Edmonton city councillors voted in favour of a plan Friday night that will see the Valley LRT Line built with at-grade tracks at 149 Street and Stony Plain Road.
The cost for the western leg of the Valley Line is now estimated to be about $2 billion and the city said the project could be ready for procurement by the end of the year.
The plan voted on Friday night does not include an underpass at 149 Street despite previous recommendations for that by city planners. The underpass would have cost $160 million.
The plan approved by councillors, however, will see the LRT tracks be elevated over 87 Avenue from 170 Street to past 178 Street.
“This is a significant milestone,” Mayor Don Iveson said.
Not everyone voted in favour of the plan. Councillor Jon Dziadyk said he felt he couldn’t support the motion because lessons had not been learned from Phase 1 of the project.
Councillor Mike Nickel also voted against the plan.
Councillor Andrew Knack acknowledged not everyone is happy with the plan.
“We’ve now done the due diligence on this,” Knack said. “We have put everything together and yeah, there will still be some who aren’t going to be happy and it’s not like this means that your commute will have zero impact, but I think we’ve done what we can to minimize those impacts overall while providing a new option that’s going to efficiently move people even faster than driving.”
Earlier this week, Global News examined the Valley Line’s potential ability for handling increased passenger capacity. A look at the design specifications shows once the first phase of the line is built in 2020, there may not be a chance for the city to increase passenger capacity or train frequency along the busy corridor.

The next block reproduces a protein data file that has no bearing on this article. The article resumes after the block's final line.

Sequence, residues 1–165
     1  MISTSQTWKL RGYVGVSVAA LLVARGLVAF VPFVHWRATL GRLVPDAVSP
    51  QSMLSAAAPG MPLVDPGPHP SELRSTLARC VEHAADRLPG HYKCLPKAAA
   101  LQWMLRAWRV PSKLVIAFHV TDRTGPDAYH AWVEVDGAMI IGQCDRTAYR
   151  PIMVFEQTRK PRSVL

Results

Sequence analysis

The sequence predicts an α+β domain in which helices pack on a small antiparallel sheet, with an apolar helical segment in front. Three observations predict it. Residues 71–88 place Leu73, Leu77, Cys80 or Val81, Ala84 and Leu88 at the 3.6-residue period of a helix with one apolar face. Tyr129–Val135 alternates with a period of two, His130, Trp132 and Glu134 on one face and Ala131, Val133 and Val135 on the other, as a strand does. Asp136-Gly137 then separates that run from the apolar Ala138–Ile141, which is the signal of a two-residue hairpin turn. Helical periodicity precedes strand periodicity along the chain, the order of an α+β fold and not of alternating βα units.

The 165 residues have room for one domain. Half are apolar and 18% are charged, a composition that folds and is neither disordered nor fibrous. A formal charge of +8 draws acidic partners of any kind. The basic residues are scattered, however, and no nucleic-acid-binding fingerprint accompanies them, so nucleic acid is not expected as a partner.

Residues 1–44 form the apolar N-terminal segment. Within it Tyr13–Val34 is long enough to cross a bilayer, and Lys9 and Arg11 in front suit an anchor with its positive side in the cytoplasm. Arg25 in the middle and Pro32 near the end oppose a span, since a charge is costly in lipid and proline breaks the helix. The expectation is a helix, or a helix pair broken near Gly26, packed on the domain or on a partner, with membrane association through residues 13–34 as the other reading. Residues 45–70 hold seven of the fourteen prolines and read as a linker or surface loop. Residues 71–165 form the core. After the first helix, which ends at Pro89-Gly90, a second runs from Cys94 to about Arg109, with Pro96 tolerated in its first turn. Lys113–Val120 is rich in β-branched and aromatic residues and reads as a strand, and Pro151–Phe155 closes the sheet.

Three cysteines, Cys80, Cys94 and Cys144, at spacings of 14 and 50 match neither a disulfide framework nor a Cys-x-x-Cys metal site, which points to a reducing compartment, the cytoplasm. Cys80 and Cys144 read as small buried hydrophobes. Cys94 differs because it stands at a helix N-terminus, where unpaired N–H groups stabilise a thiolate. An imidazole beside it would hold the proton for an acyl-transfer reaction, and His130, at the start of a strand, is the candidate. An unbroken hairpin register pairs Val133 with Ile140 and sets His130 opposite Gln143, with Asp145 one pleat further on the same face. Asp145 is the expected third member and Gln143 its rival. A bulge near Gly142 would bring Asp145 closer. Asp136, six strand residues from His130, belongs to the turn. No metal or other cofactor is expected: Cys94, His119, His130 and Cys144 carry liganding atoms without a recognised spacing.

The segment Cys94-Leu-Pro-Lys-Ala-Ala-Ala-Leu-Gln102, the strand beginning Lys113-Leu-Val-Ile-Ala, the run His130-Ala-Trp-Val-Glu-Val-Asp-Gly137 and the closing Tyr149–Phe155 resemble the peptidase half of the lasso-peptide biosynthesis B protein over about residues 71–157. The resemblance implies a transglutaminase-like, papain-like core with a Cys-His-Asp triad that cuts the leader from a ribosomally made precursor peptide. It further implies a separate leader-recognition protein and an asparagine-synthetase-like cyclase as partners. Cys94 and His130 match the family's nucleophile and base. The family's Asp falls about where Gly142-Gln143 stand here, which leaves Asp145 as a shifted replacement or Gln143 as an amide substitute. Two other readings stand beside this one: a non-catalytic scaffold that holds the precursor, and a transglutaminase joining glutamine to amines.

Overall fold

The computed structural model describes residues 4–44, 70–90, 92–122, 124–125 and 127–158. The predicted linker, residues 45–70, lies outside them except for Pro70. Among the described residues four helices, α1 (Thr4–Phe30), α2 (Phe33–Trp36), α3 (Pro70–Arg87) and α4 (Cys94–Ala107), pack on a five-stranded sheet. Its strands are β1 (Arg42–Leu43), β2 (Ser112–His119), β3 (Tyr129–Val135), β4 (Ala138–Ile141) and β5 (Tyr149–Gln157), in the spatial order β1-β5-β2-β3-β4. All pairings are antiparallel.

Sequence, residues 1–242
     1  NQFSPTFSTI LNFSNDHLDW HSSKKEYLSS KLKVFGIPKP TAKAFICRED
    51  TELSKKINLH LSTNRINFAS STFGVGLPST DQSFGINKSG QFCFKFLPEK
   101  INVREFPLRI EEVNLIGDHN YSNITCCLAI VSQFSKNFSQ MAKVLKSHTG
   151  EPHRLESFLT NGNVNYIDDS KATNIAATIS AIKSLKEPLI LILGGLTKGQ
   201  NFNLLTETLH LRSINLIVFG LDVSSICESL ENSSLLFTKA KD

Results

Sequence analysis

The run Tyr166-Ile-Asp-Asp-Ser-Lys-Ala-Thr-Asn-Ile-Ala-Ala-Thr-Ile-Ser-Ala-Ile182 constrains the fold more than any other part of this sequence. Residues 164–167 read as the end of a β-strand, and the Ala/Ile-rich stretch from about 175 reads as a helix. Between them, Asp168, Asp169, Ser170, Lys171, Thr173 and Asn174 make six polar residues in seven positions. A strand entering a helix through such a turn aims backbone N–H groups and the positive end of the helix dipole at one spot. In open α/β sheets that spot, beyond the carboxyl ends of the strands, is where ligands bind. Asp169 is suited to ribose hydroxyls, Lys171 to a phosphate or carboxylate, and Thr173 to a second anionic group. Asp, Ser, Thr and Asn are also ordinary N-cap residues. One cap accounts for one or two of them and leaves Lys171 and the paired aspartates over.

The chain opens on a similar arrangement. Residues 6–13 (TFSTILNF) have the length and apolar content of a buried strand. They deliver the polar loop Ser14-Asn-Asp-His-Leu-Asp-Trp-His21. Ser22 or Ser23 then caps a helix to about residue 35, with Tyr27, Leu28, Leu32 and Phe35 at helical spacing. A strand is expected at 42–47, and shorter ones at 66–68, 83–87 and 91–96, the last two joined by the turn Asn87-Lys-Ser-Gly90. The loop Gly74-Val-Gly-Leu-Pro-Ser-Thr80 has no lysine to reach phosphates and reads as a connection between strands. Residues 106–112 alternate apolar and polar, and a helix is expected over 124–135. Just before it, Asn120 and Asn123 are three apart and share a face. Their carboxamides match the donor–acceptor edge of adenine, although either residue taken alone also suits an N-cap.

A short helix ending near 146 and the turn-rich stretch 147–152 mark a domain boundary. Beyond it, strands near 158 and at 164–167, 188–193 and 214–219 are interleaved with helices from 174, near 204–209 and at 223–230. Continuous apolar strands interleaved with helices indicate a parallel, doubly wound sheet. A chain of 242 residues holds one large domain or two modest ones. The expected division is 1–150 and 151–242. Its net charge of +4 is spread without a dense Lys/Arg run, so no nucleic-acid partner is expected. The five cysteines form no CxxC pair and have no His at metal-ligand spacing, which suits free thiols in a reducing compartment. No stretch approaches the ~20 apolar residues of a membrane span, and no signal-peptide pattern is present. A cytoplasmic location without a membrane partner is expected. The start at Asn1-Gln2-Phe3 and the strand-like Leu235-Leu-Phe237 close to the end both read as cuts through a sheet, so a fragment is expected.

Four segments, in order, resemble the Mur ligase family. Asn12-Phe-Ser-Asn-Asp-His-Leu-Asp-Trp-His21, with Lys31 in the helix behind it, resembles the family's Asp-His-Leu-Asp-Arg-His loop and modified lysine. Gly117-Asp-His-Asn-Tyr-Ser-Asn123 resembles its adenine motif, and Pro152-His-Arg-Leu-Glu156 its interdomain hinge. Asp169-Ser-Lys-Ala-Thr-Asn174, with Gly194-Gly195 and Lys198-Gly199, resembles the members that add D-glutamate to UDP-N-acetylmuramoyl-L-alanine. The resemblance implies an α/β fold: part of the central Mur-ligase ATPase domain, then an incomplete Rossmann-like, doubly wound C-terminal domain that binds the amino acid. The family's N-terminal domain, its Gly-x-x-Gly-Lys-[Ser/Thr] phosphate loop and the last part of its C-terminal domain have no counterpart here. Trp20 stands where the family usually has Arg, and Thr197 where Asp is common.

The design’s specifications along with the number of cars per train and their planned frequency means the line will be able to transport a maximum of about 6,600 people over the course of an hour, based on a five-minute frequency. By comparison, the current Capital Line is able to transport about 12,000 people – nearly twice as many people – per hour.
As a result of the closer scrutiny of the capacity issue, the subject was brought up as council debated the plan on Friday.
“Right now, today, two trains of five cars plus a train of three cars on five-minute headways is 9,100 people an hour and there’s people that are waiting for two or three trains to go by before they get on,” Councillor Tim Cartmell said. “So what I’m getting at is if we get the same sort of uptake immediately when this line opens, it could be at capacity immediately, not withstanding what the modelling shows.”
At a public hearing about the west LRT extension plan on Wednesday, dozens of Edmontonians spoke out.
Peter Doell, with the West Jasper/Sherwood Community League, said the people and businesses he represents wanted the intersection to stay as it is, with trains going through at street level. They believed the underpass would eliminate some turn options off 149 Street and that nearby neighbourhoods would bear the brunt of traffic cutting through.
Watch below: On March 21, 2018, Vinesh Pratap filed this report about criticism coming in quickly on Wednesday for Edmonton’s West LRT plan.
Some area businesses also worried that building an underpass would have meant several of them would have to move.
Iveson added that the city was listening to concerns of area residents and businesses when it decided the underpass at 149 Street was not needed.
“It’s not worth $200 million to create all these issues just to gain back a few seconds of traffic flow, so that’s eyes wide open,” he said. “There are going to be impacts to traffic putting the train in.”
-With files from Caley Ramsay and Vinesh Pratap
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